Pad Thai Mi Mai?
Fucked up some Pad Thai last night, and when I say "fucked up", I mean "ate". In my experience it's very difficult to fuck up Pad Thai (in the traditional sense) if you make it at home, though scrod knows restaurants botch the job left and right. Even those gnarly back of the box recipes that call for a half cup of ketchup taste superior to some of the bland renditions I've ordered in NYC.
(Chicago-style Pad Thai is a completely different story, especially if it comes from Penny's Noodle Shop )
Well, anyway, a few days ago I was in the vicinity of Bangkok Center Grocery and there's some sort of categorical imperative which states that if I find myself within half a block of this humble storefront, I have to go in and what's more, buy something. I walked with a cellophane baggie of dried shrimp and some Golden Boy brand fish sauce, which an old man who was approximating the Thai equivalent of hanging around the pickle barrel insisted was far superior to the brand I've been buying for years. I don't know about you, but I can't just sit around idle when I've got some dried shrimp burning a hole in my freezer. So I hauled out my old friend, Hot Sour Salty Sweet and realized I didn't have half the ingredients the authors consider necessary, but what were we going to do at seven o'clock pm? Not eat? I didn't hear any complaints, not even from the feral young (whose portions were fished out of the wok before they could be tainted with dried shrimp.
Soak 1/2 pound of dried rice noodles in warm water for at least 20 minutes. I suppose any size would work. Mine were the kind that you get in Pho.
Fire up the wok, add 1 1/2 tablespoons of vegetable oil (or peanut oil, but I hear that substance is too rich for some of y'alls moth eaten coin purses, and anyway, Inky's allergic friend Aeden was spending the night and I didn't want him coming down with a contact high on my watch.) When the oil's hot, add 3 cloves worth of garlic, minced. I don't know if the garlic I was working with last night was Thai elephant garlic or what, but it was GIANT. Rather than stray further afield of the recipe, I obediently chopped up three cloves of the stuff and the results were DEElicious, so if your garlic's dinky, you might want to consider chopping up six or seven cloves. Unless, of course, you're some sort of vampire or vampire lover or something.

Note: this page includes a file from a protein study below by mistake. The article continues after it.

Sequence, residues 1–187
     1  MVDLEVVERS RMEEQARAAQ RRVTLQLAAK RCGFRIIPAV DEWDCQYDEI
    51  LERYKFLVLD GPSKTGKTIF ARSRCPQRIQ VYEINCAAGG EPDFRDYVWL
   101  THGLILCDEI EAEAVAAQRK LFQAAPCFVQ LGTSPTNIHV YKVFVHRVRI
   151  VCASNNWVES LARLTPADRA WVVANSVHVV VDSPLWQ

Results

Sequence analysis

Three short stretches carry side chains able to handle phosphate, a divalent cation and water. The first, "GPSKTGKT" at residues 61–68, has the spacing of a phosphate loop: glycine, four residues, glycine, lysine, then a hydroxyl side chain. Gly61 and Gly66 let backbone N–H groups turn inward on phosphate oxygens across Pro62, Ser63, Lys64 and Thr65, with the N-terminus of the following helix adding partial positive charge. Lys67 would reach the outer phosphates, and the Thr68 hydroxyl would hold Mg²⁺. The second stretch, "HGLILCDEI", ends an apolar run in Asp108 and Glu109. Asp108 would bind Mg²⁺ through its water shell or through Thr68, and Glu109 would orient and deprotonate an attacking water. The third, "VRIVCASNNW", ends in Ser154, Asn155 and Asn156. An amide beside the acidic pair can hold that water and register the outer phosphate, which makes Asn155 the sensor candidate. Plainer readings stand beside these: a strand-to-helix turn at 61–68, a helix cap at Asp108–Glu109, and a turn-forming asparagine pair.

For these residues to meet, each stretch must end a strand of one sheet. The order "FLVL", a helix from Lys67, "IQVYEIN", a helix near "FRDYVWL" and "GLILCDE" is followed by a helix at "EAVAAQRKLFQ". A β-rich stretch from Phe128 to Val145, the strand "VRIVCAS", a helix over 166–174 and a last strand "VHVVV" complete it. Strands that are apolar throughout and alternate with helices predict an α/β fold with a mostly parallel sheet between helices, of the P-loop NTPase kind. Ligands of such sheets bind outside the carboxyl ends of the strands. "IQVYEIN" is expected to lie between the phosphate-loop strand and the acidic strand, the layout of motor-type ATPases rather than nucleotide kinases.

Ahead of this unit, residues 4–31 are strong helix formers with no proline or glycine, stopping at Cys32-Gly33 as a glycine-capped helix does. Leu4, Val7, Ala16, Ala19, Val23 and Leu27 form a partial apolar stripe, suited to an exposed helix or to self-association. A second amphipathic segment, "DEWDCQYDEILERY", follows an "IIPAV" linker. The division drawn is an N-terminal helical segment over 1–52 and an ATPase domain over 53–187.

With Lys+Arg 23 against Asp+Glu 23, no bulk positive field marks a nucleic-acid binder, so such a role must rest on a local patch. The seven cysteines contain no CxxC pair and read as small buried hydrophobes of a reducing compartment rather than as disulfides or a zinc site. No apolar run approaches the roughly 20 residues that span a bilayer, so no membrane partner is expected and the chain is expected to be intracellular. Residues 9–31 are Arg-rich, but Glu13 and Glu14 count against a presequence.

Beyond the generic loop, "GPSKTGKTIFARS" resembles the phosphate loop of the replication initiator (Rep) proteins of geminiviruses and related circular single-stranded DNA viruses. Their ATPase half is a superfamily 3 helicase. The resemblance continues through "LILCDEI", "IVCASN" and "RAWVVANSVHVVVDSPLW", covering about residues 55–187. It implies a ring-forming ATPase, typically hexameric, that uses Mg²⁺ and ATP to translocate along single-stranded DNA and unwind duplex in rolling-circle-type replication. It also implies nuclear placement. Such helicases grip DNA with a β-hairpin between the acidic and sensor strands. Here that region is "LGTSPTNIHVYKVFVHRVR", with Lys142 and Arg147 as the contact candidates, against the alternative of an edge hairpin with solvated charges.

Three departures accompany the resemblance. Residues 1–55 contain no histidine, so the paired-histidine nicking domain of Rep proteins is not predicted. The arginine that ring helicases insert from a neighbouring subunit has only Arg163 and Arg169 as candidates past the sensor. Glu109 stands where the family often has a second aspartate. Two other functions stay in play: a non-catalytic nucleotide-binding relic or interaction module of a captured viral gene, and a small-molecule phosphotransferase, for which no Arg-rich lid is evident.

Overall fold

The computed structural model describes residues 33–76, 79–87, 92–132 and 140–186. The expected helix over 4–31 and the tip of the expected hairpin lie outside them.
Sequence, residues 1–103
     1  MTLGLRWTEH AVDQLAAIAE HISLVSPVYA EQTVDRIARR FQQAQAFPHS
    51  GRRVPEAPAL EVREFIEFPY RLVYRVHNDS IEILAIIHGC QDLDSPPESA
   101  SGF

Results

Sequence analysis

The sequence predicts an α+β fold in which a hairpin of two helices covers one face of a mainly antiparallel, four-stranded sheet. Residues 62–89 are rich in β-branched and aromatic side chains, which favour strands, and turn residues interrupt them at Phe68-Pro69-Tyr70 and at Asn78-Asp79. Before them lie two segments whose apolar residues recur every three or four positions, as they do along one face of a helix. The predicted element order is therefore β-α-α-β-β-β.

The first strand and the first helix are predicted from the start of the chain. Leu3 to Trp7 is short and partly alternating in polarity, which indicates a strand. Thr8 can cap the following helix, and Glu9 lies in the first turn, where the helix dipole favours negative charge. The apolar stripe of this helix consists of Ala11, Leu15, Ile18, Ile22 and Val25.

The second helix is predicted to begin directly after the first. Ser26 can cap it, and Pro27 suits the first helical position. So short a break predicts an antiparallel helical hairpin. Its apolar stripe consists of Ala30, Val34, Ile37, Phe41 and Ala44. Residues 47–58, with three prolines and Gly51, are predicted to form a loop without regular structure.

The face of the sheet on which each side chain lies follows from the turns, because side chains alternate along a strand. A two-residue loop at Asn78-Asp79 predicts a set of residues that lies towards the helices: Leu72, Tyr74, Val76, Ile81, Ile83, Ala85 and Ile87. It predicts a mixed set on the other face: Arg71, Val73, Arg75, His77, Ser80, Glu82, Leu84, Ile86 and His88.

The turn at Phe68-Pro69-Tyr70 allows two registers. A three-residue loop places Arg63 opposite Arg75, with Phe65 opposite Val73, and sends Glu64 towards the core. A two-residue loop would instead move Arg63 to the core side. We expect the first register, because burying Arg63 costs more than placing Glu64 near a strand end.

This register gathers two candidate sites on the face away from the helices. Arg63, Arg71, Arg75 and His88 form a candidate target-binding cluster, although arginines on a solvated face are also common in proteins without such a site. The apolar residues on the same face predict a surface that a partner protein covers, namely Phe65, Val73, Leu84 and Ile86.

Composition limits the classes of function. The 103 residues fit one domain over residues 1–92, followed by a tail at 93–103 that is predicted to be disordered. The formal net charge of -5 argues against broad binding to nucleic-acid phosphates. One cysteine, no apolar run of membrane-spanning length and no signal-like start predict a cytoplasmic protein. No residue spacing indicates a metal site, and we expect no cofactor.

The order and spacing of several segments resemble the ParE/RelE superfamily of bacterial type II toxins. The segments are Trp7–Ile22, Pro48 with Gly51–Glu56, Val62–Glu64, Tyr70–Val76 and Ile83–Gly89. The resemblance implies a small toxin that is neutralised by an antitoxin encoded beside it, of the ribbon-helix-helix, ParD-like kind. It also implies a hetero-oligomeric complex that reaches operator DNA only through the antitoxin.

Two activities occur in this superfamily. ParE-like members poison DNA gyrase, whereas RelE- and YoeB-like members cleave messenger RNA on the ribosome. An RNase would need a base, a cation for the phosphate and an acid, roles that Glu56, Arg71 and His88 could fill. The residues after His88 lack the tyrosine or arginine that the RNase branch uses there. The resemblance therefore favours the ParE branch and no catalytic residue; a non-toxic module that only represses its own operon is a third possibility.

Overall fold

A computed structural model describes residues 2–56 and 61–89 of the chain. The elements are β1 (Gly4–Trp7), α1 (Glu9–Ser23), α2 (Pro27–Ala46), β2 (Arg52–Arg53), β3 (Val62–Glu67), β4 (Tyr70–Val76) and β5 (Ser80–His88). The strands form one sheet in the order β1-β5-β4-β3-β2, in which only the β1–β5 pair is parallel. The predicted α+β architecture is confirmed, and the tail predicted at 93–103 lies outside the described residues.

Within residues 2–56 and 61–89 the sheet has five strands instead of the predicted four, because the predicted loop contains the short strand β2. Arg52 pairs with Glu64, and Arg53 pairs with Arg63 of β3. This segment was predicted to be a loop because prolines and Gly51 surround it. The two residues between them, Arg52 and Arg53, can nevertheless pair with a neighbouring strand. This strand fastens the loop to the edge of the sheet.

Quickly now, because that garlic'll turn to cinders in the blink of an eye, throw in a half package of large cooked shrimp, which you have providently already defrosted and patted dry. Give it a quick stir, and throw in a few ounces of pressed tofu, cut into narrow strips. I know you've got your hands full with that frozen pre-cooked shrimp, so do what I did and use this jive-ass product I originally picked up in a health food store and was later amazed to find at Met Foods. If you can fiiiiind it there, you'll find it a-ny-where!!! Lightlife Smart Strips Chick'n Strips. Could there be a queerer name? (and not in the post-Stonewall, good kind of way.) They taste pretty good though, for what they are.
Given that nothing's raw, go ahead and pour in the three eggs that you've beaten lightly with a pinch of salt. Let them set up and then give them a scramble to assure yourself that you aren't making an appointment with Ol' Doc Salmonella. Dump it into your reserve container and don't worry if it's not going to win any beauty contests. Wipe out the wok with a paper towel to prepare for the next phase of this operation.
Add another 1 1/2 tablespoons of oil to your wok and when it's hot,drain the rice noodles and throw them in there. Stir fry them vigorously (or, if you're sticking to the letter of the way I do things, less than vigorously, and be prepared to tell your children that the brown spots are what make it taste good.) Do this for two or three minutes.
Push the noodles up the sides of the wok to clear a space for 3 scallions, which you've smashed flat with the side of your knife and cut into 1 inch segments. Let them feel the awesome power of your flaming hot wrath for a sec, then stir them into the noodles.
Make a little sauce of
1 tablespoon of fish sauce
1 tablespoon of soy sauce (you know I never use anything but Kamada Dashi soy)
1 tablespoon of rice vinegar
& 1 tablespoon of water.
Drizzle that into the wok and stir! Stir like you've never stirred before!!!
(if you've got picky kids on the premises, here's where to pull out their portions)
Add 1 tablespoon of dried shrimp. (Don't tell my friends at Bangkok Center Grocery, but I think you can skip this step if you don't happen to have any on hand.)
Sprinkle 1 teaspoon of sugar on top, so this dish will be as sweet as you are (ie. not very, but enough)
Unreserve your egg-shrimp-fake chick'n strip mixture by dumping it in on top of everybody else and putting some elbow grease into it, spoon-wise.
Cut a cucumber in half - save one half for another purpose and cut the other in half lengthwise. Scoop the seeds out with a spoon, chop it into crescents, throw it in the wok, give it the briefest of stirs, and turn the whole mess out onto a serving plate.
You can sprinkle it with chopped, dry-roasted peanuts, but we made the supreme sacrifice and didn't, out of respect for our little guest. You can also squeeze some lime juice on there, which we did, but only for the second helping, because the first time around, we forgot.